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On your mark. Get set. Go…but not too fast. On July 12, the eighth annual Tour de Queens will take participants on a roughly 20-mile loop that starts and ends in Astoria Park. Basically a rolling parade, the tour rides en masse at a family-friendly pace –about 10 mph — with NYPD escorts, volunteer safety marshals, and occasional stops at intersections to gather riders. This year’s route goes through Long Island City, Sunnyside, Rego Park, Forest Hills, and Corona with an optional rest stop with light snacks and water at Juniper Valley Park in Middle Village.

Proceeds go to Transportation Alternatives, a nonprofit that promotes bicycling, walking, and the use of public transit in New York City.

Details: Tour de Queens, meet in the Astoria Park parking lot off 19th Street and Hoyt Avenue North, Astoria, July 12, 8 am check in, $22.50.

Photo by Tour de Queens

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The Woodside zip code – 11377 – lost more native sons during the Vietnam War than any other area in the United States. Many other neighborhood residents made the ultimate sacrifice in defense of their country over the past centuries, and 34 individuals who lived or worked in Woodside died during the Twin Tower terror attacks on September 11, 2001.

On Monday, members of the John V. Daniels VFW Post 2813 will honor veterans by placing a wreath at the flagpole at John Vincent Daniels Square near Roosevelt Avenue and 52nd Street at 11 am. Also, after a 10 am mass, the St. Sebastian War Veterans group will host a parade that kicks off from the St. Sebastian School parking lot at Woodside Avenue and 57th Street.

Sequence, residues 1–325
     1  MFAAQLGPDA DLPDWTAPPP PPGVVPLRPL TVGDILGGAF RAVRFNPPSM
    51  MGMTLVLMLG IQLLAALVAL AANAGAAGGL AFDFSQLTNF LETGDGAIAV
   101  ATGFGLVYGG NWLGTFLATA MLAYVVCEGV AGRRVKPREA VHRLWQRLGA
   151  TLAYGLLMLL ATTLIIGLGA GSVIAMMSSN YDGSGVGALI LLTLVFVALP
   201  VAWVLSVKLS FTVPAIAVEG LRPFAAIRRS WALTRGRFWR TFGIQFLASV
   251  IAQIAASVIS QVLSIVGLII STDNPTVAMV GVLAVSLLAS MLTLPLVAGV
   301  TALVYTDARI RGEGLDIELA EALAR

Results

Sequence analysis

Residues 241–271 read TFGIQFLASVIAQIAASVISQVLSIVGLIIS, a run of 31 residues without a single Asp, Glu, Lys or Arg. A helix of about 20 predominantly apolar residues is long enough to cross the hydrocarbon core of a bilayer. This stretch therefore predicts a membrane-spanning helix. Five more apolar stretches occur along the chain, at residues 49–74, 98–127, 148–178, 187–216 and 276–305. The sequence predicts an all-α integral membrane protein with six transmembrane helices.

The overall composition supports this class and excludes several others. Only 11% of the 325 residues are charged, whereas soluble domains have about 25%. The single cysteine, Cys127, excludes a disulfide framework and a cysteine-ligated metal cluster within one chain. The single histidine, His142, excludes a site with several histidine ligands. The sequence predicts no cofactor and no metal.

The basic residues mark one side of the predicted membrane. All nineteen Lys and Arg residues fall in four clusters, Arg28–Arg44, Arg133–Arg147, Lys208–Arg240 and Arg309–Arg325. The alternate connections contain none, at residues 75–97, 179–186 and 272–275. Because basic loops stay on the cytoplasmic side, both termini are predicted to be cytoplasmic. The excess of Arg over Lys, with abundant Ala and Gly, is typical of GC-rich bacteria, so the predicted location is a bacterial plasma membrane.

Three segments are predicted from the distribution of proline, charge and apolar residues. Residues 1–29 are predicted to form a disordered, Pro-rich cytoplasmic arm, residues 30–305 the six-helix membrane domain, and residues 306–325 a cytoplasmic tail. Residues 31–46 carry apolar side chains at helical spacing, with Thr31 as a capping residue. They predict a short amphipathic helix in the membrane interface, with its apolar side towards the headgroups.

That’s only part of it. Queens has about 55,000 veteran residents, more than any other borough in New York City. It also hosts the country’s biggest Memorial Day parade (in Little Neck/Douglaston). Here’s a list of local parades scheduled for this weekend.

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This quaint two-story building in Middle Village has a three-bedroom apartment for rent. The building was built in 1930, but the apartment is newly painted and has new tiles in the kitchen. There are wood floors throughout, and each room has multiple windows.

The Atlas Park shopping center and the Rego Atlas movie theater are two blocks away. The nearest M train is about a 20 minute walk, but the Q29, Q47, Q54 buses are right down the street. Parking is also available for an additional fee. The rent is $1,950 a month.

79-45 69th Avenue, #2 [Exit Realty by the Park Inc] GMAP

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It’s time to tree-cycle and e-cycle. To promote eco-friendly practices — and help New Yorkers avoid a new state law imposing $100 fines on residents who leave electronics on the curb for pickup — the Queens Botanical Garden will  host the 12th annual E-Waste Recycling Event on Sunday. Done in partnership with the Lower East Side Ecology Center and sponsored by TekServe, this six-hour event allows participants to drop off unwanted or non-functional computers, printers, cell phones, video games, tablets, and other gadgets in the parking entrance. (Click here for a full list of acceptable items.) Garden employees will make sure that they are disposed of in the proper ecological way. On the same day and in the same spirit, the garden will host arts-and-crafts activities using recycled and repurposed items.

Meanwhile in response to recent holidays, the NYC Parks Department will host MulchFest 2015 all weekend at various spots throughout the five boroughs, including 13 Queens green spaces. Residents can bring trees to these spots to be recycled into mulch that will nourish plantings across the city. In some places, NYC Parks employees will chip the wood and give bags of mulch back to the tree donors. Details for all three events are on the jump page.